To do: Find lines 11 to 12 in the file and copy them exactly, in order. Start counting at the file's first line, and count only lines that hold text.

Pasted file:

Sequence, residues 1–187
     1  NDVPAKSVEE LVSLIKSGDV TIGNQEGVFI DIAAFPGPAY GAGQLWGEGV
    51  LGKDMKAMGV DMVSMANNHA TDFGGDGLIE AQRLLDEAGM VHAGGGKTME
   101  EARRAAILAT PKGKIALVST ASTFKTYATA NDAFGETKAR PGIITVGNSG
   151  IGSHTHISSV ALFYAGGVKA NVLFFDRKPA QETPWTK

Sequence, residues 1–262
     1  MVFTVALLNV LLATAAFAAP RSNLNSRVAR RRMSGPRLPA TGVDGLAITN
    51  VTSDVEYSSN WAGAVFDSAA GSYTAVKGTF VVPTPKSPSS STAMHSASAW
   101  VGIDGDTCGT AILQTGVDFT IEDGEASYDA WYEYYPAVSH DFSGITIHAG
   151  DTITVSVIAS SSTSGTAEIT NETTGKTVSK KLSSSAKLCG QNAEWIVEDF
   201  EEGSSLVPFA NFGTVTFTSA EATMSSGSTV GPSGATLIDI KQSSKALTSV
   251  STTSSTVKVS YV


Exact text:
   201  EEGSSLVPFA NFGTVTFTSA EATMSSGSTV GPSGATLIDI KQSSKALTSV
   251  STTSSTVKVS YV